Whaling Quota Worth Consideration

by Tony Sinclair

Japanese whaling will be in the Australian news when the International Whaling Commission meets in June.

The IWC will discuss a proposal to limit Southern Ocean culls to 410 each season, saving up to 18,000 whales in the interim until a longer-term solution is brokered in 2020.

Anti-whalers don't like the new proposal because it overturns the 1986 ban on commercial whaling, allowing culls for 'scientific purposes' only. Never mind there's no imperative for whaling countries to demonstrate their activities meet this condition.

Japan is opposed because closing the 'scientific purposes' loophole imposes a definite upper limit on the number of whales they can kill.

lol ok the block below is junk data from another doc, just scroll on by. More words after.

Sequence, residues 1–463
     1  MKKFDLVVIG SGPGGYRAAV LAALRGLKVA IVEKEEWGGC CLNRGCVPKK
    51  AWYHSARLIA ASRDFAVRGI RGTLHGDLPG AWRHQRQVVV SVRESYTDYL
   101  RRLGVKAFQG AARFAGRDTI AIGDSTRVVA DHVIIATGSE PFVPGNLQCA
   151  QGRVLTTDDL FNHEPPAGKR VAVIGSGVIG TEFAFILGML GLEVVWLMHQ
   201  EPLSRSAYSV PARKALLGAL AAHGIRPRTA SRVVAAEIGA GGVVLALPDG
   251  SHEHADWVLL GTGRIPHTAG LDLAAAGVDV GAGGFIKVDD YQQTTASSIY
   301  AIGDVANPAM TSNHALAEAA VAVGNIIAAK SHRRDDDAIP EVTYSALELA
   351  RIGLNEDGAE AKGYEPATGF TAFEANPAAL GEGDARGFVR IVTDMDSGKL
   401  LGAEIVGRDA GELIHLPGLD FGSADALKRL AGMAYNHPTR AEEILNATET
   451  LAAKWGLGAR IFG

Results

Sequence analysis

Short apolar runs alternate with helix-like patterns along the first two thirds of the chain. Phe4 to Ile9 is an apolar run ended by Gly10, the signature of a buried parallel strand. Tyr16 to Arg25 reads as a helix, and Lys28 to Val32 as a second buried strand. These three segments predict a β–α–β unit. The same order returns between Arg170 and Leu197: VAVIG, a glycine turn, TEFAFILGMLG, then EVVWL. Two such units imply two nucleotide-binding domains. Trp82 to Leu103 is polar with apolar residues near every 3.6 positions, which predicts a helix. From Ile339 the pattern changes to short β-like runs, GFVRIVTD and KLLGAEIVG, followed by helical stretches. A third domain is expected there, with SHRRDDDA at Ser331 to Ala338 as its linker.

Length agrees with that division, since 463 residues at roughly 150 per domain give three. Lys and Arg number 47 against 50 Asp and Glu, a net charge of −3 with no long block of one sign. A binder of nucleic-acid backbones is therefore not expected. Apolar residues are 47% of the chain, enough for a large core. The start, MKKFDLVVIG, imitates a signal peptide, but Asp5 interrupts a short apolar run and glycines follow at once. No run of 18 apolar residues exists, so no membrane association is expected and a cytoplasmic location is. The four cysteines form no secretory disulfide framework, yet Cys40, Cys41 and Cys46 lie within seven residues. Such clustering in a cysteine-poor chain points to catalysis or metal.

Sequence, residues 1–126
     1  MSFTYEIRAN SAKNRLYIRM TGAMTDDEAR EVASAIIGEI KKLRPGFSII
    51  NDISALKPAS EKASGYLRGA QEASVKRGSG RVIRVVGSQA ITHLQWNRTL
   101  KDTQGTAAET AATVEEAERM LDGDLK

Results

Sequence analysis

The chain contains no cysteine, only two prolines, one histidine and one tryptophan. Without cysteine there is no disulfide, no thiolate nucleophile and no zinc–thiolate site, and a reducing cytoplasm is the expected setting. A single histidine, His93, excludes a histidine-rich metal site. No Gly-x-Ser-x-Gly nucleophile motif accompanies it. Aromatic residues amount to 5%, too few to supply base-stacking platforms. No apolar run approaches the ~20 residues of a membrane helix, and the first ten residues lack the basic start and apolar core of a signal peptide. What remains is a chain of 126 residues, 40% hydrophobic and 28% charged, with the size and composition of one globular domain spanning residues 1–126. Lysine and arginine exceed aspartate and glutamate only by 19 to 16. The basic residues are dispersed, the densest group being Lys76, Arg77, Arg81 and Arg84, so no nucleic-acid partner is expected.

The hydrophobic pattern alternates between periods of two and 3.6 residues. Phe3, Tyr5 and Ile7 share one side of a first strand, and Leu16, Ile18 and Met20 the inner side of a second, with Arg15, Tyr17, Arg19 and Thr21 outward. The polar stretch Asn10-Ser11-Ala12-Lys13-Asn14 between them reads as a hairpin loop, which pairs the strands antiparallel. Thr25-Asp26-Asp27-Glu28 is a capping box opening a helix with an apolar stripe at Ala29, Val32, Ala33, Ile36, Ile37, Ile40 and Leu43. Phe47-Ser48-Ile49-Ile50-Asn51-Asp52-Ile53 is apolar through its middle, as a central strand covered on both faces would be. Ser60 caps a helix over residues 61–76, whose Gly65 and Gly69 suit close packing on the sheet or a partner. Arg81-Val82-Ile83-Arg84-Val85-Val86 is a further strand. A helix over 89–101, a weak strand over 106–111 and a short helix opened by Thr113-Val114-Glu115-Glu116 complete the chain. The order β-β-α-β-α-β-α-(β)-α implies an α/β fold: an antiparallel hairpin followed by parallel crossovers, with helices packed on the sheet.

If the IWC proposal is not adopted, the alternative is for Japan to continue culling in breach of previous agreements and legislation criminalising whaling in Australian Antarctic waters. Australia has issued threats but matched these with no action to enforce its law at the International Court of Justice.

I see imposing an upper limit on whaling as a pragmatic first step towards a long-term solution.

Creating a quota brings the 1986 moratorium into the spotlight by recognizing it was an ineffective agreement, that allowed whaling to continue unabated.

A quota also promotes measurable management of endangered whale populations, on the path to meeting the culturally sensitive demands of two otherwise close allies.


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